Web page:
Anne Beaucamp1, Muhammad Muddasar1, Ibrahim Saana Amiinu2, Marina Moraes Leite2, Mario Culebras3, Kenneth Latha4, María C. Gutiérrez5, Daily Rodriguez-Padron6, Francisco del Monte5, Tadhg Kennedy2,7, Kevin M. Ryan2,7, Rafael Luque6, Maria-Magdalena Titirici4 and Maurice N. Collins*1,7
1Stokes Laboratories, School of Engineering, Bernal Institute, University of Limerick, Limerick, Ireland.
2Department of Chemical Sciences, Bernal Institute, University of Limerick, Limerick, Ireland.
3Institute of Material Science, University of Valencia, Valencia, Spain.
4Department of Chemical Engineering, Imperial College London, London, SW7 2AZ UK.
5Instituto de Ciencia de Materiales de Madrid (ICMM), Consejo Superior de Investigaciones Científicas (CSIC), Calle Sor Juana Inés de la Cruz, 3, Campus de Cantoblanco, 28033, Madrid, Spain.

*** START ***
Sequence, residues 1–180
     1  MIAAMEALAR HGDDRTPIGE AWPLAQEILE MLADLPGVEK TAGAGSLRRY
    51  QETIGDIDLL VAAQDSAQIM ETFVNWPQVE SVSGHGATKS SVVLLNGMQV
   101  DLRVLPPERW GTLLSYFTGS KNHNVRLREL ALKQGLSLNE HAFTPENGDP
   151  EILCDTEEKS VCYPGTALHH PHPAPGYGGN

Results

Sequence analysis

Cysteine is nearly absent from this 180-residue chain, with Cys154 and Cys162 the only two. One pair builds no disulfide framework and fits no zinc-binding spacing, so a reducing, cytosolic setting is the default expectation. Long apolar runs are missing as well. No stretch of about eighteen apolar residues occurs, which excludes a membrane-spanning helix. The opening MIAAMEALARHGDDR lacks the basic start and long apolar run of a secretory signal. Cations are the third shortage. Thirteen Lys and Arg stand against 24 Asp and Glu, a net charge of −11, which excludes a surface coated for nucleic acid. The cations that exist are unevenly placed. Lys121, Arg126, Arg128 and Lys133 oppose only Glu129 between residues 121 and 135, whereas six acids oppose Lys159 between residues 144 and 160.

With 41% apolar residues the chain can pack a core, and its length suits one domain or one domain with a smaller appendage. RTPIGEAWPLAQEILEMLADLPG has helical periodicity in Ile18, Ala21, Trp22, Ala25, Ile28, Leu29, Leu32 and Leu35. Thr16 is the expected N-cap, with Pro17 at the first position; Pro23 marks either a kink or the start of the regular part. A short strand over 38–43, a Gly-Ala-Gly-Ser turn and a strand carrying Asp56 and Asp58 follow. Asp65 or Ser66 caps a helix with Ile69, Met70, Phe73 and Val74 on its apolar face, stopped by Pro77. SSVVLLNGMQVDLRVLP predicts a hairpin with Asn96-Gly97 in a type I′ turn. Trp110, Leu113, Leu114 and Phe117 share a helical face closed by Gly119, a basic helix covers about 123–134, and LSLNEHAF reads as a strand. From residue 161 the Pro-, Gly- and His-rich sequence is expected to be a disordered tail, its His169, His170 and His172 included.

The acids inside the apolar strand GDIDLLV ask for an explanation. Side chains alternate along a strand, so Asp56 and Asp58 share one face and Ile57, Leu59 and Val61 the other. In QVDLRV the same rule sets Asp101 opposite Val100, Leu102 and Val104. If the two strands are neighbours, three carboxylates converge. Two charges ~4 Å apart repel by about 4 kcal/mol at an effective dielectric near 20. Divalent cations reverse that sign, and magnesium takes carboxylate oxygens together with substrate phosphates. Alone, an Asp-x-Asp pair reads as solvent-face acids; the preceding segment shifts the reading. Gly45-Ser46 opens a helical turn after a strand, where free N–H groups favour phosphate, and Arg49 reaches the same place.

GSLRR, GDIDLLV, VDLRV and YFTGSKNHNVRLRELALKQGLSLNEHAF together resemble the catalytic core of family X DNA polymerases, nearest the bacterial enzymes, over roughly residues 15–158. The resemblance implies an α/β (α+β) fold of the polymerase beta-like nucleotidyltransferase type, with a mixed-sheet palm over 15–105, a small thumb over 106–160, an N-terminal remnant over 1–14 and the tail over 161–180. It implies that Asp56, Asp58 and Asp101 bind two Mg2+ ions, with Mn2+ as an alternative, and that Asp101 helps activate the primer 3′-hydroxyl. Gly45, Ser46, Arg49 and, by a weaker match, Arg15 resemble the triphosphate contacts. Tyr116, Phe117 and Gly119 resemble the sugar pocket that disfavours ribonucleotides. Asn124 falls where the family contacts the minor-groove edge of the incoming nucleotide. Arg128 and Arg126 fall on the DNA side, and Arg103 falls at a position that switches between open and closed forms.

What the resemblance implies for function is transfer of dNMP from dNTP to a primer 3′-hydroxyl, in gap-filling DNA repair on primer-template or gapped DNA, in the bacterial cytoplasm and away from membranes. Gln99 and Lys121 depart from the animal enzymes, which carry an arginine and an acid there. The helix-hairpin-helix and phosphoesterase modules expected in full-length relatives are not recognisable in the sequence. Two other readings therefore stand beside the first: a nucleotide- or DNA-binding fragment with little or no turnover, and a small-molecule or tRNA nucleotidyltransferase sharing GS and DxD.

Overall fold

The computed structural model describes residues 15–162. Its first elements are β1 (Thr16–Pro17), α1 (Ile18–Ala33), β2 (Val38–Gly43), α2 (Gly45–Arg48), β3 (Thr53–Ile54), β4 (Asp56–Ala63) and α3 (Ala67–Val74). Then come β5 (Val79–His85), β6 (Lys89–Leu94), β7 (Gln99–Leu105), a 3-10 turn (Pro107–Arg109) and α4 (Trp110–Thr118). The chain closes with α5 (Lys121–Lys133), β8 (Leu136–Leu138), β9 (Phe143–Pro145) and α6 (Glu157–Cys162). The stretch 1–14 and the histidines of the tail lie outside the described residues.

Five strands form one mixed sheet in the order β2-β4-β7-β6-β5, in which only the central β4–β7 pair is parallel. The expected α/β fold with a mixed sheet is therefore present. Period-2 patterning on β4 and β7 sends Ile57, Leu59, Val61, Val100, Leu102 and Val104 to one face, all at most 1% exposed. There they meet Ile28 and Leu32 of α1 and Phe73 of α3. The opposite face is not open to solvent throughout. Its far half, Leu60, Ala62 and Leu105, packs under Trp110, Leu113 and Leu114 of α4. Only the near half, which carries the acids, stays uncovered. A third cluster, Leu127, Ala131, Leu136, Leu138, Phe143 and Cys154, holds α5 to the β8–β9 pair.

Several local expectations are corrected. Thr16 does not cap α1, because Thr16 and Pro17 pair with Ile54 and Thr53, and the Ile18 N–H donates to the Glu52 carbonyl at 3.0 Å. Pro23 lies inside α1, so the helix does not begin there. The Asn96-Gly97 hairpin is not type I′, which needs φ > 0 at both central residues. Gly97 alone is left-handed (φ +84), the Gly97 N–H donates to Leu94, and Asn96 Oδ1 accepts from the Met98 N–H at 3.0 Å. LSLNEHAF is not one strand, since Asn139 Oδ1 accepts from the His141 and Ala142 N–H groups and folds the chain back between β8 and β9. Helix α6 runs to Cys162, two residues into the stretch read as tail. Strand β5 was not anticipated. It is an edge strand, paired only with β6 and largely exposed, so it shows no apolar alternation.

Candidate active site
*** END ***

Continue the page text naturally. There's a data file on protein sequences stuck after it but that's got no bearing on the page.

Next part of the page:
6Departamento de Química Orgánica, Universidad de Córdoba, Campus de Rabanales, Edificio Marie Curie (C-3), Ctra Nnal IV-A, Km 396, 14014 Cordoba, Spain.
7SFI AMBER Centre, University of Limerick, Ireland.
Correspondence: Maurice N. Collins (Maurice.firstname.lastname@example.org)
Received: 21st July 2022, Accepted: 5th October 2022, First published: 12th October 2022
Lignin is produced in large quantities as a by-product of the papermaking and biofuel industries. Lignin is the most abundant aromatic biopolymer on the planet with its chemical structure rendering it ideal for carbon materials production and finely tailored architectures of these sustainable carbon materials are beginning to find use in high value energy applications. This review focuses on lignin chemistry, various lignin extraction and fractionation techniques, and their impact on lignin structure/property relationships for energy applications are discussed. Chemistries behind important and emerging energy applications from recent research on this increasingly valuable sustainable polymer are described.